This book discusses the role of the prison in Europe across a divide of over 200 years. Inspired by the travels of the prison reformer John Howard (1726-1790), who visited prisons across Europe in the eighteenth century, it fundamentally reflects on centuries of the practice of locking people up as punishment. Howard travelled across Europe to visit prisons, with a simple method: he travelled and knocked on prison doors on his journey and entered the premises. He then observed the situation in the prison, took notes and left to visit other locations. Howard's influential book The State of the Prisons resulted from his experiences, provoking debate among prison reformers and academics worldwide.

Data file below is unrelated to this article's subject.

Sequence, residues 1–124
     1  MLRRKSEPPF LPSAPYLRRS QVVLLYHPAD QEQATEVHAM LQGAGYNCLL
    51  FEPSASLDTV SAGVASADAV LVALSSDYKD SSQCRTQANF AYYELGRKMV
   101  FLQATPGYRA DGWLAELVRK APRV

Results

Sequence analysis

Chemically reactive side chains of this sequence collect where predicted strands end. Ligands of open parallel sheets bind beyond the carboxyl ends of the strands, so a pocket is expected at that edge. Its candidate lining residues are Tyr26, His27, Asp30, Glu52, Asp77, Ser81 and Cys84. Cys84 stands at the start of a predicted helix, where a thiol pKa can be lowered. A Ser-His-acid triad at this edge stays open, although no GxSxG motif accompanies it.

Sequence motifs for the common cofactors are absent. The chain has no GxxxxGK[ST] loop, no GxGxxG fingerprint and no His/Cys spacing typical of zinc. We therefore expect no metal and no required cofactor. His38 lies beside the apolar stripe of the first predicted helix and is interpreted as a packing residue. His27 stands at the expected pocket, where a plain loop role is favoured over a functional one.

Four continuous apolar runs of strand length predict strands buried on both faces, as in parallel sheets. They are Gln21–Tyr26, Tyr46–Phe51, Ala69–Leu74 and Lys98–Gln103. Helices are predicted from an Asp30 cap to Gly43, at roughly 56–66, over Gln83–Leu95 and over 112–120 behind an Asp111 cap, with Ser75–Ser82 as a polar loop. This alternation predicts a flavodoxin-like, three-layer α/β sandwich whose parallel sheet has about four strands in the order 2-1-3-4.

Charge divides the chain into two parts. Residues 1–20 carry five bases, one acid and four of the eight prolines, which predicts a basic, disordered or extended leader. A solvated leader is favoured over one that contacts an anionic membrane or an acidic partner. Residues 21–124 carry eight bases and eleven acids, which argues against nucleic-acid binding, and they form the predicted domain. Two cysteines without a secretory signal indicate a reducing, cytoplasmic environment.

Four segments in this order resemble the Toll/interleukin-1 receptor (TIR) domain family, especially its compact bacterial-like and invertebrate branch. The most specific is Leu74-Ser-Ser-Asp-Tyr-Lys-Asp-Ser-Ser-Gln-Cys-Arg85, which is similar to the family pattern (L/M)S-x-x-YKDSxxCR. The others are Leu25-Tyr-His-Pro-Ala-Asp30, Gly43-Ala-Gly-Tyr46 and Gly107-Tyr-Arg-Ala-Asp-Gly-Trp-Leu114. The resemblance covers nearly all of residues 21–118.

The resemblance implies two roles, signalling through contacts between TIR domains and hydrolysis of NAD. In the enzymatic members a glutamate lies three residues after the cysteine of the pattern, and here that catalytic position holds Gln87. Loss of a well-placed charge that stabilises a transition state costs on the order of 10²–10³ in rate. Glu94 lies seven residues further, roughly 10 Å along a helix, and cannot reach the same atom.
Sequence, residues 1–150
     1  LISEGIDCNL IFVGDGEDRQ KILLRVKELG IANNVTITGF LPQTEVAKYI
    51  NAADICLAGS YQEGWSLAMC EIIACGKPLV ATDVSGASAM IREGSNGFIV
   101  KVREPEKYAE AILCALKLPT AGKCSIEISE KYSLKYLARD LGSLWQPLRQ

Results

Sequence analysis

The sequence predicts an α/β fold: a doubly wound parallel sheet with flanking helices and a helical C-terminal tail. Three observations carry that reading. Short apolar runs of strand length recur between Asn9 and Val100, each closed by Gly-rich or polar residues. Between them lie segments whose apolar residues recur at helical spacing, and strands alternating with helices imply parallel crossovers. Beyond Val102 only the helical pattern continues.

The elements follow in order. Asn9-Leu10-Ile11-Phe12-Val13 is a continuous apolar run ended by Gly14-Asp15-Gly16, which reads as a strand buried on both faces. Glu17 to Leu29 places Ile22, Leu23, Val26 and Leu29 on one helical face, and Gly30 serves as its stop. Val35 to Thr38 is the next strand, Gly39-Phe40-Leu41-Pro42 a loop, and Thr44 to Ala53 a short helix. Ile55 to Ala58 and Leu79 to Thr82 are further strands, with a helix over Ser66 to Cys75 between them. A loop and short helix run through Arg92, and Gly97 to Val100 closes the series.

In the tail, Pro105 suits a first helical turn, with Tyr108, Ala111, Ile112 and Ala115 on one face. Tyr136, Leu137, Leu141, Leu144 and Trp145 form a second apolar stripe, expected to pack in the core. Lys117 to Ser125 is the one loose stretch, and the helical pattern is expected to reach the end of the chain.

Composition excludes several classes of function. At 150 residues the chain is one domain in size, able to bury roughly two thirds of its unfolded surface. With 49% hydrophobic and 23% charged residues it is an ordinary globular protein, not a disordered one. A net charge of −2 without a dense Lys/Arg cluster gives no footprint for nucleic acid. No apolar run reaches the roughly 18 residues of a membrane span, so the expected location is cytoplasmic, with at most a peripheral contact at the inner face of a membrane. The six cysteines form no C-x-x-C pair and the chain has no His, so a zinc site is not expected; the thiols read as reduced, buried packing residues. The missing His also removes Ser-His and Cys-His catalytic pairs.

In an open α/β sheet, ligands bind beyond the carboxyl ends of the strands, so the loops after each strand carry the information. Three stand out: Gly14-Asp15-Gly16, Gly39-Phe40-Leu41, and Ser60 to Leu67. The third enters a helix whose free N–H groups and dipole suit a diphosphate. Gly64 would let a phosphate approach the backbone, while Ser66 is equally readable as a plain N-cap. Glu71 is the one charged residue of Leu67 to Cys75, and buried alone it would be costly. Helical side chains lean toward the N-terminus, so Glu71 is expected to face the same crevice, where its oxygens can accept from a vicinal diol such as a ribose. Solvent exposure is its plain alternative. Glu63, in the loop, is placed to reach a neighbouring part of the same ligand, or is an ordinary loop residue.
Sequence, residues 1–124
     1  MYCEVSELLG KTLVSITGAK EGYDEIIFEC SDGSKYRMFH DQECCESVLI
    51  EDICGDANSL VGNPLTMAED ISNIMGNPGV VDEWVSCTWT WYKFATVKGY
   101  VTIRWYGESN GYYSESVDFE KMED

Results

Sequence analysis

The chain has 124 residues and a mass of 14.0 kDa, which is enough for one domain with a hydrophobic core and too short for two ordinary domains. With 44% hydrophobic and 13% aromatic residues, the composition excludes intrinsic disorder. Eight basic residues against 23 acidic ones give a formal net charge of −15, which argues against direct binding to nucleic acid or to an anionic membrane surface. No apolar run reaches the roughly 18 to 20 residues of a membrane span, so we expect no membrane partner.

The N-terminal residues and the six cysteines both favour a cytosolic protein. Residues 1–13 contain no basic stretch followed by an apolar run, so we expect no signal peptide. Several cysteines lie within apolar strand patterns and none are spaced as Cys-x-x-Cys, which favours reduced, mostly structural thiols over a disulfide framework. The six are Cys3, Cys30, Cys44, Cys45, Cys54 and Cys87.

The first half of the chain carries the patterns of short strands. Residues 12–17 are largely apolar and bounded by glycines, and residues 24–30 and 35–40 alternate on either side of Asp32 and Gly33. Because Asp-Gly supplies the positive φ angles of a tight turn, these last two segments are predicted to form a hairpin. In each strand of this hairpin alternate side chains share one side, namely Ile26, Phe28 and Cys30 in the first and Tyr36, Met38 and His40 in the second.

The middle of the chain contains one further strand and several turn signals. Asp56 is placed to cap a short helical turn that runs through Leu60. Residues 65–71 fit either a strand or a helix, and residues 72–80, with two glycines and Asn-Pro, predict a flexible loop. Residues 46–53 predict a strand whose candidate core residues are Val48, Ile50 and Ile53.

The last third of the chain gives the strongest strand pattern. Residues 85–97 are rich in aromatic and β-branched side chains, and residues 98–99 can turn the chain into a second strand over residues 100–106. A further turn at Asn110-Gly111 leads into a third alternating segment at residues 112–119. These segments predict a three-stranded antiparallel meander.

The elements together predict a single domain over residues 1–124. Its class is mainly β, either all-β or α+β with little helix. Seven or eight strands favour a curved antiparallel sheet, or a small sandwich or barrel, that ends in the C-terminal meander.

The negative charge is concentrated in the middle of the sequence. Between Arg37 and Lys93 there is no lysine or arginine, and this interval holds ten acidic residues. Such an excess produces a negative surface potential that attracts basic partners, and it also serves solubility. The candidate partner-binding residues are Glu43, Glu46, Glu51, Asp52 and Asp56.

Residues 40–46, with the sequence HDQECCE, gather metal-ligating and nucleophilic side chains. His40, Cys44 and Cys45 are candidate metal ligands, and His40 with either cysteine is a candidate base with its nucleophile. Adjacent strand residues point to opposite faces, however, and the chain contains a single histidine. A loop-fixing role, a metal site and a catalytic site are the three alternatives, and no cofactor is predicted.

Adopting the contemporary methods of prison tourism research, the author follows in Howard's footsteps. He draws on extensive research conducted in prisons across six countries: England, Norway, the Netherlands, France, Italy and Azerbaijan. Howard's reflections are used as a frame to assess contemporary prisons, particularly revolving around the questions of what prisons are for today, and what they should (or should not) be. It will be of great interest to criminologists researching prisons and penology, as well as historians interested in the histories of punishment.